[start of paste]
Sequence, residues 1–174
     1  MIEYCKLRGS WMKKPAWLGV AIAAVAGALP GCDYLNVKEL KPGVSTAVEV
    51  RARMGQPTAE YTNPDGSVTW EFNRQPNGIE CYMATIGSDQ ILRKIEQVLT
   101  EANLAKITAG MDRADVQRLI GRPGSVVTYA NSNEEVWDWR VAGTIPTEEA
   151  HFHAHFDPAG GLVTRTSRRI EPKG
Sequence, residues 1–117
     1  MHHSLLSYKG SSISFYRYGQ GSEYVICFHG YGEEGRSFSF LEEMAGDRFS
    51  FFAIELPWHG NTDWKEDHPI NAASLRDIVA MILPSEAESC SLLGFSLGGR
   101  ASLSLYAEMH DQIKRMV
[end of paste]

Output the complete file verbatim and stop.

Sequence, residues 1–174
     1  MIEYCKLRGS WMKKPAWLGV AIAAVAGALP GCDYLNVKEL KPGVSTAVEV
    51  RARMGQPTAE YTNPDGSVTW EFNRQPNGIE CYMATIGSDQ ILRKIEQVLT
   101  EANLAKITAG MDRADVQRLI GRPGSVVTYA NSNEEVWDWR VAGTIPTEEA
   151  HFHAHFDPAG GLVTRTSRRI EPKG
Sequence, residues 1–117
     1  MHHSLLSYKG SSISFYRYGQ GSEYVICFHG YGEEGRSFSF LEEMAGDRFS
    51  FFAIELPWHG NTDWKEDHPI NAASLRDIVA MILPSEAESC SLLGFSLGGR
   101  ASLSLYAEMH DQIKRMV